You do not have to be a Spanish resident to enter El Gordo but you must pay tax on any winnings you receive. It is worth bearing in mind that Seville has had some of the highest numbers of winning tickets!
Experience the New Year’s Eve in Seville
Eat the 12 grapes at midnight
It is a tradition at midnight on New Year’s Eve to eat a grape for every chime of the midnight bell. It is said to bring good luck for the upcoming year.
For the best party atmosphere and fireworks, head to Plaza Nueva.
Join the Locals for the Los Reyes Parade
The Los Reyes Magos – or Three Kings – parade celebrates the Christian feast of the Epiphany on January 6th though festivities often start on January 5th.
Colourful floats, musicians and costumed dancers parade through Seville’s city streets in a tradition dating back to 1918. The parade has a party atmosphere and lasts around 6 hours.
Dance on the Streets during the Carnival
Los Carnivales takes place in the week before Lent. This usually occurs in February though dates vary year to year.
Festivities include a parade, live music and dance events throughout the city and fancy dress competitions.
Visit One of Seville’s Many Museums
If you catch a rainy day in Seville in winter, visit one of the city’s excellent museums.
Check out the Museum of Fine Arts, Las Duenas Palace, the Archaeological Museum of Sevilla or the highly regarded Museo Palacio de la Condesa de Lebrija. Some of them are free to enter on certain days. You can find out which and when by reading my article about free things to do in Seville.
Enjoy the Sights Without the Crowds
Fewer tourists visit Seville in winter than in summer resulting in quieter, less crowded attractions.
The Alcázar of Seville, a UNESCO World Heritage Site, is the oldest royal palace in Europe that is still in use. It is a popular attraction and is much quieter to visit in winter. For more, see my article about top things to do in Sevilla.
Indulge in the Local Holiday Food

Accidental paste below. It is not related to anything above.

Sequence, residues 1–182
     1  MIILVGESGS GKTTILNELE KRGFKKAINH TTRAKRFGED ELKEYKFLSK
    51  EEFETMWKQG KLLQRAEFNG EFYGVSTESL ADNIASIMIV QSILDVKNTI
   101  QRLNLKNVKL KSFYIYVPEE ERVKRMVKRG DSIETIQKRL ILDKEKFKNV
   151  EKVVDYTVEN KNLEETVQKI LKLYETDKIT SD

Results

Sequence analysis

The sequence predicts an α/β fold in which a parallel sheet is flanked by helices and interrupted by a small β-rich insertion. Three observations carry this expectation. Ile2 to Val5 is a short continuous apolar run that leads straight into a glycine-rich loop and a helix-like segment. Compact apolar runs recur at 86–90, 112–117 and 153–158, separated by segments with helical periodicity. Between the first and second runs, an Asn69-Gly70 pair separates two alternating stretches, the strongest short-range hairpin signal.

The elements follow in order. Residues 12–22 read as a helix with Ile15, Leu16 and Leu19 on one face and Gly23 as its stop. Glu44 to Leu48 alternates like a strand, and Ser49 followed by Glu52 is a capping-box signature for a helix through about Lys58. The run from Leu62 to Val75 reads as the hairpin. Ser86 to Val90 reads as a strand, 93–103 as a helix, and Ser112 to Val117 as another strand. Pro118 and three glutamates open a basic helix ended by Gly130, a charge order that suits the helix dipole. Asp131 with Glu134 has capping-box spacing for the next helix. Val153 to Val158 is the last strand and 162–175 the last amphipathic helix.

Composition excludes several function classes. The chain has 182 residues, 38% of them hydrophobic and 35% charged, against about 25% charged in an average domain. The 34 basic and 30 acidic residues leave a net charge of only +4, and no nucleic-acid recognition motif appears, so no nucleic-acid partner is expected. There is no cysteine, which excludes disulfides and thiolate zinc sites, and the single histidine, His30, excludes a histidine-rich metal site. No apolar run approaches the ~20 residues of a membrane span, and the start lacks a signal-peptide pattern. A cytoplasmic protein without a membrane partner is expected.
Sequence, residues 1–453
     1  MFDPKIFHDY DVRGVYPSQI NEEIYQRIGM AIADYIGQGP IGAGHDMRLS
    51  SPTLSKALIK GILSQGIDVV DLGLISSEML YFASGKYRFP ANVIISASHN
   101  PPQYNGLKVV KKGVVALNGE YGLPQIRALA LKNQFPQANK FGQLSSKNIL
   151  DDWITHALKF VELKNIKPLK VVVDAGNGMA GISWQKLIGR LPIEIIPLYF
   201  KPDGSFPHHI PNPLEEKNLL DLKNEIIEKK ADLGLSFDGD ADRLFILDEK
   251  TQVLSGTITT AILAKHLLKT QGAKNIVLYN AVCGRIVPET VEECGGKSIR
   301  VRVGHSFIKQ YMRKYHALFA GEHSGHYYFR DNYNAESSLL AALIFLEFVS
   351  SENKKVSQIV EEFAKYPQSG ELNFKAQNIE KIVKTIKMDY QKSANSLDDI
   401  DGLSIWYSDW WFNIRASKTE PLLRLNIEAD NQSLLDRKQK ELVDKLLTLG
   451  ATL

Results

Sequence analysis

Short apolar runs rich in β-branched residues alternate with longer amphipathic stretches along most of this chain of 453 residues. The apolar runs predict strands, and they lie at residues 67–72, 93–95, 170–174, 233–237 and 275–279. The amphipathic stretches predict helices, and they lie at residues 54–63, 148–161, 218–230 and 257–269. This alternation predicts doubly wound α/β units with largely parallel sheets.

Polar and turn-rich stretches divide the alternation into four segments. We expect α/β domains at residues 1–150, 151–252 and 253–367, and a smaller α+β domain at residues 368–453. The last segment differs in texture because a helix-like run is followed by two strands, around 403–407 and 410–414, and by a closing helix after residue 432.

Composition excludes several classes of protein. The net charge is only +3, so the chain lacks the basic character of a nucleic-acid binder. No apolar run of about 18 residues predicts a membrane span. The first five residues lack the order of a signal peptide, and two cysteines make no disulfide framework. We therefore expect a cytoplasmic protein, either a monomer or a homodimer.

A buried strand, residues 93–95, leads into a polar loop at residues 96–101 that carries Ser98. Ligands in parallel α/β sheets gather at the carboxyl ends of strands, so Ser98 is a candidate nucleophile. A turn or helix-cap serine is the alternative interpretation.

Christmas in Seville means tasty Christmas food. Tuck into chicken, seafood or cured ham with roasted vegetables. Indulge in a roscón de reyes (a sweet, crown shaped pastry that is commonly sold in bakeries in the run up to Christmas) accompanied by a creamy hot chocolate.
Relax at the Aire de Sevilla Baths
Recharge with a relaxation day at Aire de Sevilla (locally known as ‘Aire’).
This historic spa is just metres from Seville cathedral and offers 90 minute thermal tours.
During the tour, visitors move between different bath experiences (such as hot, cold, warm and frost), a jet bath, aromatherapy steam room and a rejuvenating salt water bath. Massages are available (and recommended) to complete your experience.
As the emphasis at Aire de Sevilla is on relaxation of the mind as well as the body, silence is encouraged inside the baths. Swimsuits are mandatory but the spa will provide you with a swimsuit if you forget to pack one. You can book a ticket to Aire de Sevilla by clicking here.
Experience a Flamenco Performance
Seville is one of the best places in Spain to see a flamenco performance.
See flamenco at the popular Museo del Baile Flamenco or in a bar such as the first come first seated El Patio Sevillano or the larger El Palacio Andaluz.
You can book ahead of time a ticket for a flamenco show at the famous Casa de la Memoria by clicking here.
Take a Local Class
Immerse yourself in Seville culture and take a Flamenco or a cooking class.